You need a solvent based dye/stain like a leather stain.
I use Laurel Mtn stock stain. I don't know what their solvent is that they use but it works very well.
Colors can be mixed. Too dark an application can be lightened up with a rub-down with a pad dampened with acetone.
Aqua Forte is another good one that is water based and uses some heat applied to the stained wood to bring out the reddish brown color after application. A favorite of M/Ldr builders.
If mixed wrong and the acid component not completely depleted in doing so, the A/Forte mix can cause some rust problems further down the road with the steel and iron parts inletted into the A/Forte stained wood.
It will also leach the zinc componenet out of the inletted brass furniture on the M/Ldrs leaving the edges of the parts copper colored and the wood bordering the part will show a slight halo of silver. That halo being the zinc.
Brass is a mix of copper and zinc.
Probably not too many brass inlaid stocks on guns built on this forum, but it's worth noting the problem I believe.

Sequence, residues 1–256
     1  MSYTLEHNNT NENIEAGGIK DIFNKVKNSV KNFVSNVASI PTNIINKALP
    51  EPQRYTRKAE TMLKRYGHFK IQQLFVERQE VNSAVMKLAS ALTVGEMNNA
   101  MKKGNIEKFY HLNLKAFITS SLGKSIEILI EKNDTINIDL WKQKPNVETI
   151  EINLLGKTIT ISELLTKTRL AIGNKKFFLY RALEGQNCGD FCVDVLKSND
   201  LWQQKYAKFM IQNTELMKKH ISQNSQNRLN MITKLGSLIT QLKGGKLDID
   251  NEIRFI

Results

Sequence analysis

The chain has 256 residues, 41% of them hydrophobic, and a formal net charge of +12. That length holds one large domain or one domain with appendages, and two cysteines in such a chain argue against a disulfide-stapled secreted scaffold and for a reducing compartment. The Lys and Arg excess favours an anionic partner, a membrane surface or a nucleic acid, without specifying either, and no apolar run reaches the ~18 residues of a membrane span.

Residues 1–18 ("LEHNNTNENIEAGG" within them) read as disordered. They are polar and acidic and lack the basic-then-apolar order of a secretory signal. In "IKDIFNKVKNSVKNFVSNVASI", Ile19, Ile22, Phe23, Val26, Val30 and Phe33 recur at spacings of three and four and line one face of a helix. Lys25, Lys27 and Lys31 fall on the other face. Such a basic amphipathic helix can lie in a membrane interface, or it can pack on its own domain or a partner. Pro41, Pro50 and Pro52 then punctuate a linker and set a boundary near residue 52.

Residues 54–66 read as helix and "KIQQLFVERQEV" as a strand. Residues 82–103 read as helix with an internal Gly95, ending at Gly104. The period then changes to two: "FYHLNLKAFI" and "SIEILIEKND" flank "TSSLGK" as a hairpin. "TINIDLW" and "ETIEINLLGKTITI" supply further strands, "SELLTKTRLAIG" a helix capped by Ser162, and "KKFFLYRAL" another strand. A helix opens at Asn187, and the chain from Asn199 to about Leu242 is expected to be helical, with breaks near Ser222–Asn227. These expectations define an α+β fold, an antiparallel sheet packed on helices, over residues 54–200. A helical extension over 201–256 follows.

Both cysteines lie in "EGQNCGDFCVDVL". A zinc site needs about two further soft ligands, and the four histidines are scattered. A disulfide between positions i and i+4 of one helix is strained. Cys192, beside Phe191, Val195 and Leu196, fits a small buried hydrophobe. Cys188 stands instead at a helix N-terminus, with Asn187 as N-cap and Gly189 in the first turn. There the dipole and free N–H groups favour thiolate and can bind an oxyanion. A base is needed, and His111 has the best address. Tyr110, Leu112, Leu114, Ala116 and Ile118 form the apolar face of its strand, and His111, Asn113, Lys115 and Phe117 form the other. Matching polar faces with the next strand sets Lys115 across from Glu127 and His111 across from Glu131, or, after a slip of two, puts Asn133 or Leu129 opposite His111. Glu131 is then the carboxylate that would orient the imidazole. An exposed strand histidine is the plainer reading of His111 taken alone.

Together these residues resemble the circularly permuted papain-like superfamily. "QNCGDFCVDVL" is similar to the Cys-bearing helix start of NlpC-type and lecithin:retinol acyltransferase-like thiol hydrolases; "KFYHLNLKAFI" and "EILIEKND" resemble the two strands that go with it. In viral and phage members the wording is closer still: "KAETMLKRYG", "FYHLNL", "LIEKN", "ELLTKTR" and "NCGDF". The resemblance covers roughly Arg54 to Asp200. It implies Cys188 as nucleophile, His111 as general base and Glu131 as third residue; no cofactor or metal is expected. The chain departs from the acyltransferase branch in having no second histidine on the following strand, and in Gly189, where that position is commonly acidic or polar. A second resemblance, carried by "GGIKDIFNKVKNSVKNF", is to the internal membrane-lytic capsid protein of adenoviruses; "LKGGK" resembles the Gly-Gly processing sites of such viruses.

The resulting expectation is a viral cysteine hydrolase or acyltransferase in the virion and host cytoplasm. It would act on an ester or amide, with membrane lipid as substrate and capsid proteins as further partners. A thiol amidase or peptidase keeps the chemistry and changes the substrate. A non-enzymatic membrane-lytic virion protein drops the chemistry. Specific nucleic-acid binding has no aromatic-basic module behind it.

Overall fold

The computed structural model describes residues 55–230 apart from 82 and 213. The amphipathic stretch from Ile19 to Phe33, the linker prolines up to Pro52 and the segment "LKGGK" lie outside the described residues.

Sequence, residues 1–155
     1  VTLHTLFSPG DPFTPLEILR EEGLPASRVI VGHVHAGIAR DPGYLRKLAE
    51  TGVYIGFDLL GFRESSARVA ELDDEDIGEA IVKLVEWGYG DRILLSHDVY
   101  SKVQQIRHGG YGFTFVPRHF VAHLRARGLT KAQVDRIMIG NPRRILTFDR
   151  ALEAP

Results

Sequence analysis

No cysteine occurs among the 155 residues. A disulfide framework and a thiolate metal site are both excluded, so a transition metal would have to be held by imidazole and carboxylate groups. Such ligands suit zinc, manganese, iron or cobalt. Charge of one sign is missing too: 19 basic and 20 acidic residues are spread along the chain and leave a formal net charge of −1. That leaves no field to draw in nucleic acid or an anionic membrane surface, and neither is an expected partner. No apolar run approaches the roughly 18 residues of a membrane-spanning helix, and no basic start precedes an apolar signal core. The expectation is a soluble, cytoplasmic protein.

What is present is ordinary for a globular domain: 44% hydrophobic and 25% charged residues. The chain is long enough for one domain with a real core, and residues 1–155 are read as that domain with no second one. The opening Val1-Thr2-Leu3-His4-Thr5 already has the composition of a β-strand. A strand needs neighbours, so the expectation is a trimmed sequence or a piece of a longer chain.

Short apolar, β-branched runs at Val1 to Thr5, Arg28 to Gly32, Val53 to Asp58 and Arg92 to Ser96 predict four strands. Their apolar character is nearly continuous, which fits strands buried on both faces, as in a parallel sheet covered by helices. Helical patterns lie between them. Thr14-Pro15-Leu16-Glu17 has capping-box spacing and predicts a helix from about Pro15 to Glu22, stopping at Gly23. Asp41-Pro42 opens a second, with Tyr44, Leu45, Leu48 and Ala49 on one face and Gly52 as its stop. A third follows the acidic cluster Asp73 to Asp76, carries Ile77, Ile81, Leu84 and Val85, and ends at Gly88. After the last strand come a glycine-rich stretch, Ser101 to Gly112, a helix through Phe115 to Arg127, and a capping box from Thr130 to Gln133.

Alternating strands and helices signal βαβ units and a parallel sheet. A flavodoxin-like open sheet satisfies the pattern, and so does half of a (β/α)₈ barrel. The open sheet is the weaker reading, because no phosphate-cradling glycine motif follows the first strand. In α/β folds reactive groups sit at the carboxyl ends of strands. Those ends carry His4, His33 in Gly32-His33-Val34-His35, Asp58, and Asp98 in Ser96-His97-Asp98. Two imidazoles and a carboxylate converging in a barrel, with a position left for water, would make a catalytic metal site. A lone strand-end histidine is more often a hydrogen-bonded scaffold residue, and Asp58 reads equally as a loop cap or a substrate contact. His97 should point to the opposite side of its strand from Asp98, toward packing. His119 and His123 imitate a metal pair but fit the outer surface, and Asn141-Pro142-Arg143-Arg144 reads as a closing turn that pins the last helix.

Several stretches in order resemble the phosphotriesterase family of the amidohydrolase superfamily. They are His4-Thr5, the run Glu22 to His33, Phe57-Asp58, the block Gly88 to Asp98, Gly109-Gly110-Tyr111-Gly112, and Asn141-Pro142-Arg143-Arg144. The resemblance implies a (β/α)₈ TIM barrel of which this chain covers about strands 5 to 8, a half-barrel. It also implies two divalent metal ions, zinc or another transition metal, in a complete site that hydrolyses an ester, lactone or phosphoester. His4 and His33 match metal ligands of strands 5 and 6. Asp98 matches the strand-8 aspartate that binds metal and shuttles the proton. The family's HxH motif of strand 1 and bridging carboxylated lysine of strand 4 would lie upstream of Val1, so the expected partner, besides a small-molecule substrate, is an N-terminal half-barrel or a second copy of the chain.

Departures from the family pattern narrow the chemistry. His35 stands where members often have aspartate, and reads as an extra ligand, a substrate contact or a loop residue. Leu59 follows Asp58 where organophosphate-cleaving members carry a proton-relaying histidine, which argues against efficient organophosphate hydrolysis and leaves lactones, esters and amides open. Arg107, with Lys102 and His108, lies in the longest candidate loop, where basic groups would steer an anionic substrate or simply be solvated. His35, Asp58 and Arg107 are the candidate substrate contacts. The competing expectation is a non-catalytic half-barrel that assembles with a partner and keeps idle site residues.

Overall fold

Good old oil stain just won't do much on really hard woods like maple, birch, beech and the like. The pores are so small the oil stain 'mud' (the finely ground powdered color held in suspension in the oil carrier) just can't penetrate down into the wood. So you get little color change.
The solvent stains are a solution of the color, like a glass of red wine. It easily soaks in deep.
You won't control the grain pattern of the wood but you can use different colors and shades of them independently to create streaks and faux grain on the wood. This works especially best after the initial staining is done.
Overdone it can look crude. A light touch and the lines feathered out with the above mentioned acetone dampened pad, you can do much to enhance a piece . Sometimes you just want to balance the look.
The solvent stains penetrate so well, you can keep applying them and letting them soak in to dry. Using Ebony, you can make a Birch or maple stock as black as ebony if you want to.